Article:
Saint Maltius, patriarch of Antioch
This great saint was born in a devout noble Christian family in Armenia. He received the best academic, Christian and theological education at his time and was a brilliant student. He was established a bishop in the city of Sabstia. Then, when the Patriarchal Seat in Antioch got vacant, after the death of the saint Anstatius, Maltius was elected to that noble position. This news would deeply trouble the Arians who plotted against saint Maltius before king Costance. In his fight against the Arian heresy, and in standing firm defending the true faith, Saint Maltius suffered harsh exile three times, but never complained about persecution, rather he always thanked God for being found worthy to suffer for the sake of his people. He finally, and after six years in the exile, was turned back to his Patriarchal Seat, under the reign of the Catholic king Gracianos who reestablished all Catholic bishops in their cathedrals. At that, the whole city of Antioch went out to receive back its beloved patriarch. And he resumed his tireless work of serving the spiritual needs of his people, reconciling conflicts, and healing wounded hearts, and guiding souls in the path of holiness.
Patriarch Maltius attended the Second Ecumenical Council of Constantinople 381, upon receiving a special invitation from the Emperor Theodosius. He suddenly died, in that same year.
He was eulogized by his disciple Saint John Chrysostom, as well by Saint Gregory of Nisis. His body was moved to Antioch, where he rests on the hope of resurrection in its Cathedral. May his prayers be with us, Ameen.
& Saint Alexander the charcoal maker
Saint Alexander the charcoal-maker was born in Pontos in Asia Minor. He studied the sciences of his time and became a great philosopher. He then left the world and its empty promises and settled down in the city of Komana in Cappadocia, where he choose to consecrate himself to serving God in his people as a charcoal maker, spending his time between charity deeds, prayers and praising God and exercising mortifications.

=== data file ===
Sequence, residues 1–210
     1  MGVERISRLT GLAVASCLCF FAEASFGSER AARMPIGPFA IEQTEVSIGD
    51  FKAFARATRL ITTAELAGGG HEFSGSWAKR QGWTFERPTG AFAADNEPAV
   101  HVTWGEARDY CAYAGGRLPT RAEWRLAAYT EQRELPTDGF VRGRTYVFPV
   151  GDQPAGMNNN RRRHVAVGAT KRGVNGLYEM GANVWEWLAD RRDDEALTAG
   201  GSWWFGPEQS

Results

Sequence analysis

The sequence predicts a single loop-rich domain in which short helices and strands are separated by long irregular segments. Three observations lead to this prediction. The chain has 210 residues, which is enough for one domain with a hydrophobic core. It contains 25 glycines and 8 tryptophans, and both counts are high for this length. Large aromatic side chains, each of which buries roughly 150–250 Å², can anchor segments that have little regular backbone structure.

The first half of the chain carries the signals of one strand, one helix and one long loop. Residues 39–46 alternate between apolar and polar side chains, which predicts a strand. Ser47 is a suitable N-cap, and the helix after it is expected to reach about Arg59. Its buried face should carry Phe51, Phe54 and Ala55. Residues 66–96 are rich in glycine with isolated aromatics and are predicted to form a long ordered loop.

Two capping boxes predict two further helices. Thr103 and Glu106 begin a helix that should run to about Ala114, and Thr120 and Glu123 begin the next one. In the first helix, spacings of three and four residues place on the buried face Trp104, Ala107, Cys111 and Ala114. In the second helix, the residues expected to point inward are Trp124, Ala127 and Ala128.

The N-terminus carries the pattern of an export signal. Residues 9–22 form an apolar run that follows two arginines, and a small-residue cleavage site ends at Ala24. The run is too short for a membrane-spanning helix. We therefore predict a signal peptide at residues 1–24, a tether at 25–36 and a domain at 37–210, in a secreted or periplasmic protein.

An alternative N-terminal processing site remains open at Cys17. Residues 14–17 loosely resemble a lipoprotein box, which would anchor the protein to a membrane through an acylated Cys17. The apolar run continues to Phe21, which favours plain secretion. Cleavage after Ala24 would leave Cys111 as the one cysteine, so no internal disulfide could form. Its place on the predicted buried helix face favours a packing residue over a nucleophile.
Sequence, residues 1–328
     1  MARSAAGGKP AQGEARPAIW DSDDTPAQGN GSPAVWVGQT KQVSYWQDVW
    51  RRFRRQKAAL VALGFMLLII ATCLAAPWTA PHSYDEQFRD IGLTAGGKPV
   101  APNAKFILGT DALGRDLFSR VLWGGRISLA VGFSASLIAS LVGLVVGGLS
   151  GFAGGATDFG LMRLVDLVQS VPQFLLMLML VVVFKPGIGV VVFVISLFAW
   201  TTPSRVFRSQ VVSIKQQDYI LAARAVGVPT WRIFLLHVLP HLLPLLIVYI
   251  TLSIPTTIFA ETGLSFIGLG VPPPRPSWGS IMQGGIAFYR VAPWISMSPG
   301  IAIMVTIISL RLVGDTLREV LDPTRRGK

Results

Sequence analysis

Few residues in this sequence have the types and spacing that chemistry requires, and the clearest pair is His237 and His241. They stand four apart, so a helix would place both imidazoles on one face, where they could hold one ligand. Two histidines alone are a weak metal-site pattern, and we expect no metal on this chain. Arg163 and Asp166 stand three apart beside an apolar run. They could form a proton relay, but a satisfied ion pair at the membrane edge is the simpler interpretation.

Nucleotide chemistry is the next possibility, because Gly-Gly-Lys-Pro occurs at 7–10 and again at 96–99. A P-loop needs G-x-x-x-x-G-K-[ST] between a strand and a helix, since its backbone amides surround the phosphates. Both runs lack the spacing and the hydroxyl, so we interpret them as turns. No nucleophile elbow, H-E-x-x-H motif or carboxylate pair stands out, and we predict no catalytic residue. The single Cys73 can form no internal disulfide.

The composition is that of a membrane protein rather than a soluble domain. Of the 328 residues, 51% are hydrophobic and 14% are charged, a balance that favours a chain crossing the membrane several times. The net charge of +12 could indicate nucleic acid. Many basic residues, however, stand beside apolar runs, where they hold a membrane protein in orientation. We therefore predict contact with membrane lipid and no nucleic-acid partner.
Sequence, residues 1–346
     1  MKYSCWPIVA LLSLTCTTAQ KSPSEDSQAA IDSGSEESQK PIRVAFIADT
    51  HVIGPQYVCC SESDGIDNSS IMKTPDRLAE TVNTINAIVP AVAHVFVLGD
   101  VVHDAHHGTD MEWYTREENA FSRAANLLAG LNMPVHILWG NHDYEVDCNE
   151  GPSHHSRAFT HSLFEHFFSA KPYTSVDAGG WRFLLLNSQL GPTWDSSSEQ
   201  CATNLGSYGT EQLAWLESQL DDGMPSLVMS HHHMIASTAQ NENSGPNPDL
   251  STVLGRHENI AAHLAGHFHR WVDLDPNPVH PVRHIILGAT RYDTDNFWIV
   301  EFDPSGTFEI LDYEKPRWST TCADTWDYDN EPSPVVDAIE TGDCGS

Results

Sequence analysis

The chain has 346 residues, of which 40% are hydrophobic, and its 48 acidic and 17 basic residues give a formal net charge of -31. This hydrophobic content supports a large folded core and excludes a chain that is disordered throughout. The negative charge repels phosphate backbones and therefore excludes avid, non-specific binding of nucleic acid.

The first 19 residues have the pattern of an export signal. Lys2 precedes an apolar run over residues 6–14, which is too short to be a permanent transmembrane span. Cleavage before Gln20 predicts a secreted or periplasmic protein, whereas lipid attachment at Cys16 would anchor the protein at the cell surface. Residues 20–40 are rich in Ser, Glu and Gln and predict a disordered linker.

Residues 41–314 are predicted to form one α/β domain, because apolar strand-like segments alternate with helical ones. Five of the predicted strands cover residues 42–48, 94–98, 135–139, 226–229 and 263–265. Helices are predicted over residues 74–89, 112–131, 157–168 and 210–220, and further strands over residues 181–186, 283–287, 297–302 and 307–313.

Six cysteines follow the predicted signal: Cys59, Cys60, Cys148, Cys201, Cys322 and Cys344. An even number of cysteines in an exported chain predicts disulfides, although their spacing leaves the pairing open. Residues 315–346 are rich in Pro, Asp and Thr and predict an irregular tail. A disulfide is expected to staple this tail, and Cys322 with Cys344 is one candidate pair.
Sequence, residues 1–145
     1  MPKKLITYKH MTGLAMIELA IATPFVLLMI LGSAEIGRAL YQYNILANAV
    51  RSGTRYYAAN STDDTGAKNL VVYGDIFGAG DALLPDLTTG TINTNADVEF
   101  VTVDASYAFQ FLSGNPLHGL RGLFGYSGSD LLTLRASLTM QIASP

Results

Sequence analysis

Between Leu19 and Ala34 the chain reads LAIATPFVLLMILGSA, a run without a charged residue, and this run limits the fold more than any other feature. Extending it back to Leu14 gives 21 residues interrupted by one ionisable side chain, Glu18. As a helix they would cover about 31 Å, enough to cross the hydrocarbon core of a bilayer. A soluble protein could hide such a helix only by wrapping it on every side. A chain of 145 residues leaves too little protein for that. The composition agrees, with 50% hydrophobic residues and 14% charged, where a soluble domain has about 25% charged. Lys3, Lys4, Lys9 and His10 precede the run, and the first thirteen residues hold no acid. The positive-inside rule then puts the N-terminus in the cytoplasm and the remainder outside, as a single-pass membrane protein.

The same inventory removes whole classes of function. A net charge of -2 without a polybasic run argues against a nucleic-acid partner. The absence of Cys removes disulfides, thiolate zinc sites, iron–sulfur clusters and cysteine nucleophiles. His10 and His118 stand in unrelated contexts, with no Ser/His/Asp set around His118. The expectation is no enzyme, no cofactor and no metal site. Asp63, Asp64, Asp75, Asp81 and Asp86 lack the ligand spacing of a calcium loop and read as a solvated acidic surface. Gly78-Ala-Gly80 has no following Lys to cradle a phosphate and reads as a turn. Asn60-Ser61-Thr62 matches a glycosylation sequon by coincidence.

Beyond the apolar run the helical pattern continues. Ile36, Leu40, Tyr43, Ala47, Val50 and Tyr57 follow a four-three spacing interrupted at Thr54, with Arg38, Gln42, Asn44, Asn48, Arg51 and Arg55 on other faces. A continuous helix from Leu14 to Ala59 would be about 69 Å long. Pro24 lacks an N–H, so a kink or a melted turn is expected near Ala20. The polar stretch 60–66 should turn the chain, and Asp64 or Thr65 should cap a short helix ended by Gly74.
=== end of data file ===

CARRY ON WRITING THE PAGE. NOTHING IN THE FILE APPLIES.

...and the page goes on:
When the bishop of Komana died, the city’s clergy and people could not reach consent to elect a new bishop. Then out of irony, someone said: Let’s elect Alexander the charcoal maker as our bishop, thinking that Alexander, as poor and humble as he is, would be the last one to be thought of as the bishop. Now, the bishop of Caesarea, Gregory, was there and took that statement as a divine inspiration. He then called after Alexander who appeared in his poor used dirty wear. And when the bishop asked him to tell about himself, he spoke that he is originally from a noble family and that he adopted the charcoal making craft in order to be safe from the worldly pride, and able to live a humble and pure life. The bishop was astonished of Alexander’s virtue, and ordained him a deacon right there, then asked him to preach to the crowd. Alexander gave a beautiful homily that surprised all the audience, who cried out: “Here is our bishop”. Then Saint Gregory, bishop of Caesarea, ordained Alexander a priest, and a bishop. Alexander served prudently his church, and with his great zeal converted many to the true Christian faith.
In the year 250, when Caesar Dakius lunched persecutions against Christian, Bishop Alexander was captured, tortured, and burned down a martyr. May his prayer be with us always. Amen.